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Diabetes and your eyes

Article from South Manchester Diabetic Retinopathy Screening Service

Diabetes and your eyes

Diabetic eye disease (retinopathy) can affect anyone who has diabetes, whether they are being treated with insulin, tablets or diet only. Generally, people don’t notice any signs of retinopathy until it is well advanced. This is why yearly eye examinations are so important for everyone with diabetes. Early detection is the key to successful treatment.

Retinopathy affects the blood vessels supplying the retina – the inner surface of the eye, which receives the images of things you see and passes them to the brain. Blood vessels can become blocked, leak or grow haphazardly. This affects the way the retina receives images and, if left untreated, can damage your sight.

How can I protect my eyes?

You can reduce the risk of retinopathy by controlling your blood-glucose and blood-pressure levels as well as possible, and by not smoking.

In addition, everyone aged 12 years and over who has diabetes should have regular eye screening to look for any signs of retinopathy.

Remember that diabetic eye screening will carefully check your eyes for signs of retinopathy. It doesn’t detect other eye conditions, so you should continue to visit your own optometrist regularly for a sight test as well. It may be possible to have both at the same time.

What does screening involve?

Photographs of the retina are taken using a special camera. There is a flash of light when a photo is taken but this should not be uncomfortable.

The screener will put drops in your eyes. These may make your vision blurred so you should not drive for a few hours after the screening. Your eyes will be sensitive to bright light for a while, so wearing sunglasses for a few hours may help.

Very rarely, the drops can cause a sudden rise in pressure in the eye. This would happen only if you were at risk of getting this problem at some time anyway.

Following screening, if either eye becomes very painful or red or you get an unusually severe headache, possibly with cloudy vision, then you must seek help straight away. Contact the screener or go to your local hospital Accident and Emergency department.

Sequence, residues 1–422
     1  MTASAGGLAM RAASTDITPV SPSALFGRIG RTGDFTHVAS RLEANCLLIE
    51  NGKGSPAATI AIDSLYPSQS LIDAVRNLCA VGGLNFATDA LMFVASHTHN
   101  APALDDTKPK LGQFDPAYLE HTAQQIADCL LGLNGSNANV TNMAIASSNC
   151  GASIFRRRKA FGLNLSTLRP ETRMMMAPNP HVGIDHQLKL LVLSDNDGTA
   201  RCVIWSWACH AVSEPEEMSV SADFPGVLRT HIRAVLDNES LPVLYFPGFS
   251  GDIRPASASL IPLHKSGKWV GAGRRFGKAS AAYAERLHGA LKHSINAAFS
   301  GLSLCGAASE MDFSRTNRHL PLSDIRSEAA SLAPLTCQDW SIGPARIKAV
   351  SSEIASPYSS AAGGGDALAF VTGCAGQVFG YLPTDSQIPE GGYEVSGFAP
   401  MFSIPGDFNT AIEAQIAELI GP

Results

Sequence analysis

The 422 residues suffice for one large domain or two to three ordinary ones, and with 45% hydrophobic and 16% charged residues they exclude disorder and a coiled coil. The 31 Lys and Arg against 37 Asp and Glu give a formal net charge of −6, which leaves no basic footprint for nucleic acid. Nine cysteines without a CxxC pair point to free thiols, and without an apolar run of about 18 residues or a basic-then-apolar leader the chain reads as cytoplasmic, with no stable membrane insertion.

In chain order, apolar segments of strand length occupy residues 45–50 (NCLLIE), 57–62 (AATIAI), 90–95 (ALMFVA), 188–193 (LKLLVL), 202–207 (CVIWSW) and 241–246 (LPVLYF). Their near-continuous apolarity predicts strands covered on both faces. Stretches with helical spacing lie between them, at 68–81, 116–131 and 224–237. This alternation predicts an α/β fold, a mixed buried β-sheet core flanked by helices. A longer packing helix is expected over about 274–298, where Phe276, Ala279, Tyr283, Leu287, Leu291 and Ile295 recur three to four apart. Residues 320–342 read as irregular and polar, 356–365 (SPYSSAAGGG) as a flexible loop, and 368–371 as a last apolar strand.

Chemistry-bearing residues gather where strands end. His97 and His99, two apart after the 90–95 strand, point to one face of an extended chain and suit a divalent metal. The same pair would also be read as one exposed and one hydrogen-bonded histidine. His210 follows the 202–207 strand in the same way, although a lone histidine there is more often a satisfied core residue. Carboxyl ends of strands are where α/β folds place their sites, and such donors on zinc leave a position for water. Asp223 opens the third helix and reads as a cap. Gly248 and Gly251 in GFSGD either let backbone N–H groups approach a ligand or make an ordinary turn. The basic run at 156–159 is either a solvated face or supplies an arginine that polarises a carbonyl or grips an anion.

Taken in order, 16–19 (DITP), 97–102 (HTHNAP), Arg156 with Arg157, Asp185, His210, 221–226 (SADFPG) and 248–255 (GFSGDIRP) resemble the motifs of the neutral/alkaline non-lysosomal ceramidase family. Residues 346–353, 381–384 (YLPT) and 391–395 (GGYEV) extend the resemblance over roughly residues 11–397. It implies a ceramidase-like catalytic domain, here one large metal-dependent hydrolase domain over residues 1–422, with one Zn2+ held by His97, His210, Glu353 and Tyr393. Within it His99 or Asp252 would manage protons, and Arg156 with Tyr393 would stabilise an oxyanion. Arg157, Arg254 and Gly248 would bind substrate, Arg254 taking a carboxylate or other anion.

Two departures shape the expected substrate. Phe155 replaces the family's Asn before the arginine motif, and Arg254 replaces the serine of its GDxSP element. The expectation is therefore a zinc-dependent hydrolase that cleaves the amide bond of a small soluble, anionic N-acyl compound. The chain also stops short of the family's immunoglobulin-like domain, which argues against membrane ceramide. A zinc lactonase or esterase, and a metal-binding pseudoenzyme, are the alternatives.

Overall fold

When do I get the result?

You may get a provisional result at the time of screening. However, to reduce any risk of mistakes, a second person will often re-examine the photos. Your final result will be sent to you in writing, as well as to your GP and the screener.

What does it mean if I am called back immediately?

An eye specialist may need to review and perhaps treat your retinopathy.

The photos may not be clear enough so we may need to arrange a different examination.

Are my photos used in any other way?

Your photos may be used for teaching and research without identifying you. Please tell us if you don’t want them used in this way.

What happens to all the information?

First your GP will send your name and address to the screening service office.

The office will write to you when your screening is due and will pass your details to the screener.

The screener will send the findings to the office, which will write to you with the final result and tell your GP, optometrist and hospital specialist.

To double-check the findings your photos may be examined by a second optometrist from the list of screeners or by an eye specialist. Your GP or specialist may also see the photos and results.

Your photos and the screening results will be stored on computer for at least eight years.

The screening system can only work if your information is shared and stored in this way. Computer systems are a vital part of the screening service. They keep track of when your screening is due. They also help with the sending of letters and in quality control.

You may opt out of having your eyes screened but it would put your eyesight at risk. You should think very carefully about such a choice and discuss it with your GP or the screening service office. Remember that retinopathy is still a major cause of blindness. The screening programme isn’t perfect but it can greatly reduce the risk of losing your eyesight due to diabetes.

Facts about eye screening for people with diabetes

Screening for diabetic eye disease is important – it is an effective way of finding problems at the earliest stage.

Don’t wait till you notice a change in your vision! Diabetic eye disease usually has no symptoms until it is well advanced. By then, treatment may not work. So it is very important to have your eyes screened every year.